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I have created some modules using scaffold, but I can't understand how can we use respond_to without relating to an object or anything?

respond_to do |format|
      format.html { redirect_to posts_url }
      format.json { head :ok }

I have researched about the 'do' and found that it is like 'each' deals with enumerable object

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I too thought I could learn Rails well and not spend much effort 'picking-up' Ruby. I was wrong. The meaning of much ruby code cannot be easily inferred. Ruby allows for a kind of syntactical overloading that is sometimes referred to as 'syntactic sugar.' This syntactical flexibility can make code more readable and shorter. It also will hinder your ability to 'learn by doing.' I'd suggest getting a good foundation via 'The Well Grounded Rubyist' Without it, you will be continually frustrated by 'Rails mysteries' that could just as easily be characterized as 'good Ruby.' –  Perry Horwich Oct 4 '11 at 16:05

2 Answers 2

up vote 1 down vote accepted

the part between do and end is a ruby block. If you're familiar with anonymous functions, it shares some similitudes with this concept. respond_to is an instance method on your controller ; the block is passed to this method. |format| is the argument that this method passes to the block at some point of its execution.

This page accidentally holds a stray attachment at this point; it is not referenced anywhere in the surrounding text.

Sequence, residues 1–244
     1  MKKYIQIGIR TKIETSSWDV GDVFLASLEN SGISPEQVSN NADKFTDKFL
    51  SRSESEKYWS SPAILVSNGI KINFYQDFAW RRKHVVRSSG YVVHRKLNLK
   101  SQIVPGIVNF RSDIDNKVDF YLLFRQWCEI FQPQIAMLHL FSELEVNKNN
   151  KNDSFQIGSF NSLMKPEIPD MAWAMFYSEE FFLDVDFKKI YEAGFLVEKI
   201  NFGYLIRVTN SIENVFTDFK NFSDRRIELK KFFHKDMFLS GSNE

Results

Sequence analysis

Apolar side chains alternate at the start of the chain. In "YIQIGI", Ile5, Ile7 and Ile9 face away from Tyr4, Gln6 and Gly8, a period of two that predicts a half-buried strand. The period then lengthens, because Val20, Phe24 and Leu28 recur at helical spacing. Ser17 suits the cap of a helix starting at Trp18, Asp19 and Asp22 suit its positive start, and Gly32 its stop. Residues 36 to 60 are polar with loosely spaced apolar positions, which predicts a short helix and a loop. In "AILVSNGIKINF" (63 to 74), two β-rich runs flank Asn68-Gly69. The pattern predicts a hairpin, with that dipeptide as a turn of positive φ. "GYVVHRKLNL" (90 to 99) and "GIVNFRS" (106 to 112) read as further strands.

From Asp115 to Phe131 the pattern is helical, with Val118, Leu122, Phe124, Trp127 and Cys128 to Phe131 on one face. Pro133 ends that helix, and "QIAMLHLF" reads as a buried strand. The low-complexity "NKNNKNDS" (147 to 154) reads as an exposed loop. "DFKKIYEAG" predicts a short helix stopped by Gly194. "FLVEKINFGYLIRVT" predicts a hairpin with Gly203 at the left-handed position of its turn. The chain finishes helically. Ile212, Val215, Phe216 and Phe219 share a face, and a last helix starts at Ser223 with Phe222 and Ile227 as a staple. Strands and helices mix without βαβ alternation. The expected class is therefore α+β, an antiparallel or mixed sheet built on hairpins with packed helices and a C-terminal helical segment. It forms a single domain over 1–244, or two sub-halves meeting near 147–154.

the good thing with blocks is that they are evaluated in the context ("binding") of the method caller, in this case the instance of your controller. So you can use any variables or methods you could use in your controller inside your block - even if you were calling a method on another object. This is a very powerful feature from Ruby, and as @Niklaos and @Perry said, you should definitely learn more about ruby idioms because these blocks are everywhere !

the other syntax for a block is

# the number of yielded arguments can vary from zero to many
method {|yielded_argument| do_something_with yielded_argument} 

One more thing : many iterator methods use blocks in ruby, but blocks are not limited to iteration. 'each' for example is an iterator that yields (passes to the block) every member of a collection from which it is called on, one after another.

So, to answer your question the respond_to method yields an ActionController::MimeResponds::Collector object to the block ; in this block you configure different responses for different MIME types. To do so you pass another block to one or many of the MIME methods (html,json,etc.) of this object.

The controller then uses this Collector object to determine the appropriate response to a request (render an html.erb template, or format content as json, etc. - note that redirect_to, for example, is indeed a controller instance method). A good documentation for respond_to can be found here. Hope this helped !

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That was so helpful, thanks you alot, thank you Perry and Nicolas you've been really helpful –  Omar A. Shaban Oct 5 '11 at 10:42

I think this concept is called context probing. Meaning the function is not actually being executed in the context where it's written.

So your function is in fact executed in a context where respond_to (among other methods) is available.

This book will explain everything, it's pretty amazing reading if you like ruby.

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